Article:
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SERMON VII.

On Christian Friendship.

Cant. v. 16. This is my beloved, and this is my friend

APPLICATION.

1. THIS subject as it has been considered affords great evidence of the truth and divinity of Christianity, and of all the great and leading doctrines; and at the same time shows how the Christian, though not learned, or of great natural capacity, is assured that it is a revelation from the only true God, and will give eternal life and happiness to all who cordially embrace it.

If the gospel is formed and suited to give those who embrace it the highest and most refined and noble enjoyment, which is the beginning of most complete and endless happiness; if, so far as it has its proper and genuine influence on the hearts and lives of men, it spreads happiness through society, and forms all to a happy union, by which they promote, enjoy and rejoice in the welfare of each other; and brings them into a friendship, which is in the nature of it perfect, having nothing undesirable, and nothing wanting to render it the most excellent, noble and durable love and friendship that can be imagined; then it must be divine, a revelation from heaven, the production of Infinite Wisdom and Goodness. But that all this is true, has been made abundantly evident, by the very imperfect representation in the preceding discourses. And it is sufficiently supported by the scripture itself, by impartial reason, and by abundant experience,

This scheme of friendship and happiness for man never would have been thought of by any one of the human race, had it not been revealed from heaven. Hence it 115is made certain that no other scheme of religion, but that revealed in the Bible, is true, or can make men happy by embracing it; and that all other methods to obtain happiness, of which there are many devised by the wit and learning of the most sagacious among men, are mere delusions, and never will or can obtain it. For when the world by their wisdom knew not God, or the way to true happiness, it pleased God, by the foolishness of preaching, to save, and make completely and eternally happy, all them who believe.

But the unbeliever will say, “I do not pretend to understand the scriptures; but I am certain that my reason and experience dictate that there is no happiness in attending to the Bible, but very much the contrary. And the spread of Christianity in the world has been far from making mankind more happy than they were without it. It has been the occasion of unspeakable calamity. And even professing Christians, instead of being united by it in love and friendship, have been the greatest enemies to each other, and destroyed one another in the most cruel manner.”

Answer. That such have received no happiness by the attention they have paid to the Bible, is not an argument of the least weight that it is not to be found there. Men may come to the Bible with a strong and prevailing disposition and taste of mind or heart which does not relish that in which true happiness consists; but is highly disgusted and displeased with it. With this vitiated taste they relish and seek after happiness, where it cannot be found, being wholly blind to these spiritual, noble objects and truths, in the knowledge and enjoyment of which there is the highest happiness. And such a wrong taste and disposition tends to bias their understanding and reason, so as to render it partial, and incline to speculative error. It is therefore to impartial reason that we appeal.

This blindness, which consists in a wrong taste and disposition of mind, the scripture speaks of as common to all men in their natural state; and when it so commonly 116takes place, it is a confirmation of the truth of the scripture: “The natural man receiveth not the things of the Spirit of God; for they are foolishness unto him; neither can he know them, because they are spiritually discerned.”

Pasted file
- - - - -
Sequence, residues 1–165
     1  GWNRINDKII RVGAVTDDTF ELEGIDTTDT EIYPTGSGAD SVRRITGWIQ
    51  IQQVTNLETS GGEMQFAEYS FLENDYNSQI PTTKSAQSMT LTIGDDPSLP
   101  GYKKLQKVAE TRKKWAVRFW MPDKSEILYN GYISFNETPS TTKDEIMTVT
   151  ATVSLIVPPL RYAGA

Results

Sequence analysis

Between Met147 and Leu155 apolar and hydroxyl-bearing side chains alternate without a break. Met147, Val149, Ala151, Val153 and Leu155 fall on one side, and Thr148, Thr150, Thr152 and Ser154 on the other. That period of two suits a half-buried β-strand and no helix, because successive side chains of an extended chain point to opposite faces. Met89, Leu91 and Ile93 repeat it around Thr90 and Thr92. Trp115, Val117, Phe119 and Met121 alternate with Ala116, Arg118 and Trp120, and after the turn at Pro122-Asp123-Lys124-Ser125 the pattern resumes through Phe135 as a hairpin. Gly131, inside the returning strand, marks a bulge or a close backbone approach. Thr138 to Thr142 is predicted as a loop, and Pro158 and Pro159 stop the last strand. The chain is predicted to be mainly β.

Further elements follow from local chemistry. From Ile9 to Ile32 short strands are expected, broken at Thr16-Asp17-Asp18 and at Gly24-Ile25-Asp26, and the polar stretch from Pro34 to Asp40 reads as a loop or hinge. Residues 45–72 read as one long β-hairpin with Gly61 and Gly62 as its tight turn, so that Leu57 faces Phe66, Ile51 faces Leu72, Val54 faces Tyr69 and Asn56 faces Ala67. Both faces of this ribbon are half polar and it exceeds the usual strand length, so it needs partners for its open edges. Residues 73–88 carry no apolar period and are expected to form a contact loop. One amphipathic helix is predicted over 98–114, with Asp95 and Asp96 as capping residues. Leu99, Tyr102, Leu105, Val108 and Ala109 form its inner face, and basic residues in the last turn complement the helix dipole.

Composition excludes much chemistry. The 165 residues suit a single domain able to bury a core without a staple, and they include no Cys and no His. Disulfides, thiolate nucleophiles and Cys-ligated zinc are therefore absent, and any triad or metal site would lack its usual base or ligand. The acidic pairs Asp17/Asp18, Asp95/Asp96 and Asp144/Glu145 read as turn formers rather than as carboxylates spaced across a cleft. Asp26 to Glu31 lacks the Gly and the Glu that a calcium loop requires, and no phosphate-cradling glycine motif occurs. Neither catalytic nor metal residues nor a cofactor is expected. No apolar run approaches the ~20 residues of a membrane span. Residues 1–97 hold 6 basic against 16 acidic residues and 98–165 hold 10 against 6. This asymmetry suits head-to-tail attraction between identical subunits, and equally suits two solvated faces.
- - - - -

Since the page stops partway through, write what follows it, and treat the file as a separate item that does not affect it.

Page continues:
As to the effect which Christianity has had in the world, it is acknowledged that where it has been perverted and abused, it has been the occasion of much evil. The best things are capable of abuse, and of being made the occasion of great misery. But this is no argument against their excellency, and tendency to the greatest good, when improved according to their nature. In order to be under advantages, to determine this question, we must study the Bible, and learn what are the doctrines and precepts contained in it. Every one who with impartiality and a right or good taste does this, sees what Christianity is, and knows that in conformity to it, the greatest peace, love and friendship, and the most pure and noble happiness, is to. be enjoyed; though an abuse of it may be attended with the worst consequences.

This brings into view the other part of the inference we are considering, viz. that the true Christian has a constant evidence in his own mind that Christianity is from heaven, and will give complete and eternal life and happiness to all who embrace it. They have found and tailed this happiness, consisting in Christian friendship to Christ and to all who appear to bear his image, and know that nothing is wanting in order to their complete felicity forever, but to have this friendship perfected, and attended with every circumstance favourable to it. They are sure this scheme is from heaven, and has a divine stamp upon it, as it is as much beyond man to form it, as to create the world. They may not be able to produce all which is called the external evidence of the truth of Christianity, or to answer all the subtle cavils and objections and witty scoffs of infidels, but are able to say, with the primitive Christians, “We know that the Son of God has come, and hath given us an understanding that we may know him that is true. This is. the 117 true God, and eternal life.” And they are witnesses to the truth declared by their beloved Lord and Saviour: “This is eternal life, that they might know thee the only true God, and Jesus Christ whom thou hast sent.” They have found the treasure hid in a field, the pearl of great price. They have found all they want to make them eternally happy; and cheerfully forsake and give up every thing else, and renounce all hopes or desires of any other happiness, for the sake of these.